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Seven ways to determine what your business is worth

Denver Business JournalOn the Money
From the February 4, 2005 print edition

There are a number of reasons for valuing a business-sale or purchase of the entity, estate and tax purposes, and for raising capital. If a company is public, these valuation methods have nothing to do with the stock price.

The worth of a business is based upon two major factors: the assets owned by the concern (tangible or intangible) and the income stream being generated by the firm’s operations. In other words, static property owned or continuing money flow from operations.

Within those two broad categories, the seven methods below will facilitate constructing a reasonable value.

  1. Particularly in the high-technology industry, the value of a company may be based primarily on one specific static asset value; often the intangible asset is intellectual property.

    This approach is usually based upon the buyer’s desire for a particular intangible asset; frequently a new proprietary technology protected by patent or trade-secret. The price offered will reflect the buyer’s assessment (often not revealed to the seller), of the expected profit from the asset. The best example is Bill Gate’s purchased of the first PC operating system which launched Microsoft.

  2. In some instances, a business is worth no more than the fair value of its tangible assets, or “liquidated value.” Valuing a business in this way is simply a matter of obtaining the best possible price for the equipment, inventory, and other assets of the business. An interested party in a similar industry may want the assets left in place. In place value is generally higher than on a piece by piece basis at auction.
  3. The leapfrog startup approach is used when the purchaser wants to avoid the difficulties of starting from scratch. The buyer calculates the start up requirements in terms of dollars and time, including projected costs to organize personnel, obtain leases, obtain fixed assets, and the cost to develop intangibles such as licenses, copyrights, and contracts.

    A reasonable premium may be offered because of the effort and time being saved by the buyer. The more difficult, expensive, and time consuming getting underway is likely to be, the higher the value based upon this method.

  4. One of the most common flow-method approaches to valuation is the use of a market value multiplier. When analyzing gross sales, gross sales plus inventory, or after tax profits of comparable businesses in the industry, a multiplier is applied to create a value. Obviously, the construction of the multiplier is critical. This method is similar to price-earnings ratios used is stock price evaluation.

    One industry rule of thumb says an Internet Service Provider company is worth $75 to $125 per subscriber plus equipment at fair market value. Another says that small weekly newspapers are worth 100% of one year’s gross revenue.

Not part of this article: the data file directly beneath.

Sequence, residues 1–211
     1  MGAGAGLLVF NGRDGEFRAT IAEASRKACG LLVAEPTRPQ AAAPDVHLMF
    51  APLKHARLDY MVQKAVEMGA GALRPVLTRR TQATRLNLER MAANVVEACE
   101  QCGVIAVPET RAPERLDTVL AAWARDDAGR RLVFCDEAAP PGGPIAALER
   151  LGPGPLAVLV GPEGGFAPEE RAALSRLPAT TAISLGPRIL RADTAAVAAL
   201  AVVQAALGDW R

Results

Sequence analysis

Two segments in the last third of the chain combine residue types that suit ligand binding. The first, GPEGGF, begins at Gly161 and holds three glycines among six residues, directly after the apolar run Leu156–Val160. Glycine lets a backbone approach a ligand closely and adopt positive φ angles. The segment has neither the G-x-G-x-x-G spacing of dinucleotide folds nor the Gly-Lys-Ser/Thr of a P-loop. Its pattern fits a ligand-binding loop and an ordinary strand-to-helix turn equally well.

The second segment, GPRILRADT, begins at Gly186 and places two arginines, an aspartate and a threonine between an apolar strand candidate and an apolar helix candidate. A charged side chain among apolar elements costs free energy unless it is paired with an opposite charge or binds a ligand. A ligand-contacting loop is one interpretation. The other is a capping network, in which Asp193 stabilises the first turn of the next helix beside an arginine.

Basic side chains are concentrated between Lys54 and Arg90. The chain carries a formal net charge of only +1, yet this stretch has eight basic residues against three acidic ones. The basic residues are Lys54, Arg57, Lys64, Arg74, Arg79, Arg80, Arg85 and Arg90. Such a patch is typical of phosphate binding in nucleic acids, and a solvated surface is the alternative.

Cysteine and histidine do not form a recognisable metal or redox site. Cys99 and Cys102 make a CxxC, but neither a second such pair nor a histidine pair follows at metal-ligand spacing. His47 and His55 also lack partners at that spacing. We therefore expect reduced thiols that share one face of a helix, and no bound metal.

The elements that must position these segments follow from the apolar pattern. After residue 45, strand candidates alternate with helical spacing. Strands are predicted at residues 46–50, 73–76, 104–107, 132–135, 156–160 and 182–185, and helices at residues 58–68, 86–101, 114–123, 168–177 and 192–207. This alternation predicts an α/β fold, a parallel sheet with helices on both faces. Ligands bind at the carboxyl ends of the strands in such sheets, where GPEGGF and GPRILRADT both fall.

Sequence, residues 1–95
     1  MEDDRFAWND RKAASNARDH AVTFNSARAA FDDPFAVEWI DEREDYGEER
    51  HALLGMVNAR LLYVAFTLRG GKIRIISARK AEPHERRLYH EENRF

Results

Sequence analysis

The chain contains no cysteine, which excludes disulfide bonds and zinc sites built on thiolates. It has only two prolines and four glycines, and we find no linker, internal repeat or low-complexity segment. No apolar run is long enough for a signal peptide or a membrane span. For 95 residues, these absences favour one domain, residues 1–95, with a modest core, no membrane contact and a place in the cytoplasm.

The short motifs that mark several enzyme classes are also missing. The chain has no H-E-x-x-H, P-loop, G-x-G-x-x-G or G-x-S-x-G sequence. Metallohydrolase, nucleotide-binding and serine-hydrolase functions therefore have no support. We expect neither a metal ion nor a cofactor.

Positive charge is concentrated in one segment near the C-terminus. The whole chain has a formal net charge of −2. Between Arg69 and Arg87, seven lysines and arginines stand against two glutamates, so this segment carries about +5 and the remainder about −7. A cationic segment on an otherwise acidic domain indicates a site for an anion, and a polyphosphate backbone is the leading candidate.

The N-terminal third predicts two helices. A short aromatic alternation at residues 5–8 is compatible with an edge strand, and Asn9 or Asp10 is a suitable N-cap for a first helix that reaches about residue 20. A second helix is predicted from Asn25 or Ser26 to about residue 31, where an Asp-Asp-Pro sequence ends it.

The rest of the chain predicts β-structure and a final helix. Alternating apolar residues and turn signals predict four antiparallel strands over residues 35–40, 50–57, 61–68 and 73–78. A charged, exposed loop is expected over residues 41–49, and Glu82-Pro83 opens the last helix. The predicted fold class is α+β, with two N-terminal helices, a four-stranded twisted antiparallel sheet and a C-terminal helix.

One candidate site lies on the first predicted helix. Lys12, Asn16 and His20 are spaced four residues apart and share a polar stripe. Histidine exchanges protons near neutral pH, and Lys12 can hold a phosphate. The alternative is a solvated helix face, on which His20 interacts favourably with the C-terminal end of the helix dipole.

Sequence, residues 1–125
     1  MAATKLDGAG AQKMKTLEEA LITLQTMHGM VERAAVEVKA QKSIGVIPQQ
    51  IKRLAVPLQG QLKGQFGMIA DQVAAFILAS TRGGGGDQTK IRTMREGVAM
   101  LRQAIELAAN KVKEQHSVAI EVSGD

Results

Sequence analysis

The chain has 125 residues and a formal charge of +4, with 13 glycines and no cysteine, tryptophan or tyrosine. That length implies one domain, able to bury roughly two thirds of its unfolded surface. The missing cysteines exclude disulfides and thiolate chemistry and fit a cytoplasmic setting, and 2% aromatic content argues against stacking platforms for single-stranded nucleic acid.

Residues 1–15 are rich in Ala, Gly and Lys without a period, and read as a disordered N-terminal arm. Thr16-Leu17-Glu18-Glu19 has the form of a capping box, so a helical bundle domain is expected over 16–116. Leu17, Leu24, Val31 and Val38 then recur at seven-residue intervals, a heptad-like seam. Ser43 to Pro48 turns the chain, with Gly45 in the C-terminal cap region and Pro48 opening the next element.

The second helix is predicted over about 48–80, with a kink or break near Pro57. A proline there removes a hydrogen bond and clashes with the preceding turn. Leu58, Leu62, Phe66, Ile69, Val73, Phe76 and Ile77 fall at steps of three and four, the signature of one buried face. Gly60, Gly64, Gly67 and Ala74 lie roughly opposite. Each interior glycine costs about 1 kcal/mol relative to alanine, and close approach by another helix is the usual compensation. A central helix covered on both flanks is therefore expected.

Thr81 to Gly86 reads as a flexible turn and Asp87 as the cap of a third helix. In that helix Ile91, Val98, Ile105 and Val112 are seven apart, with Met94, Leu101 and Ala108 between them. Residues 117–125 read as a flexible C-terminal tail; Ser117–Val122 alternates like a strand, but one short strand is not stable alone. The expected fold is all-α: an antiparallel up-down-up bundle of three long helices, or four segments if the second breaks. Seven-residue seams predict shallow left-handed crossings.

5. For mature companies, capitalization of earnings is appropriate. The Capitalization Rate is the expected return on investment to the investor or purchaser.

    This technique of valuation is suitable for established service companies and other non-asset intensive businesses that have few if any, fixed assets.

    The basic formula determining capitalized earnings is: projected earnings divided by capitalization rate equals value. The capitalization rate is a probable risk level.

    A reasonable capitalization rate considers factors such as the length of time the company has been in business, longevity of current ownership, reasons for selling, operating and legal risk factors, profitability, location, barriers to entry and exit, level of competition, industry potential, technology, and others.

  6. The excess earnings method is similar to the capitalization method described above except that returns from fixed assets are separated from other earnings– hence “excess” earnings.

    The two capitalization methods work for businesses that receive their income primarily from tangible assets such as a utility or stable manufacturing concern. In the case of businesses that earn only a small part of their revenues from tangible assets, the excess earning method is probably a better method to use.

  7. Using the cash flow method is most appropriate when one firm desires to acquire another firm in the same industry and borrowed funds will be used to consummate the transaction. Therefore the evaluation will center on how much of a loan the cash flow will support. Typically profits are adjusted for depreciation and amortization and an estimated annual amount for equipment replacement.

    If cash flow is, for example, $1 million and prevailing interest rates are 10 percent, and the loan is amortized over 5 years, the value would be $3,922,110. On a fully amortized basis over 5 years, total interest is about $1,000,000.

Determining the value of a business is more of an art than a science and it is not precise. Ultimately the value is the result of face-to-face negotiation between the seller and buyer.

© C. Stephen Guyer for American City Business Journals Inc. All rights reserved.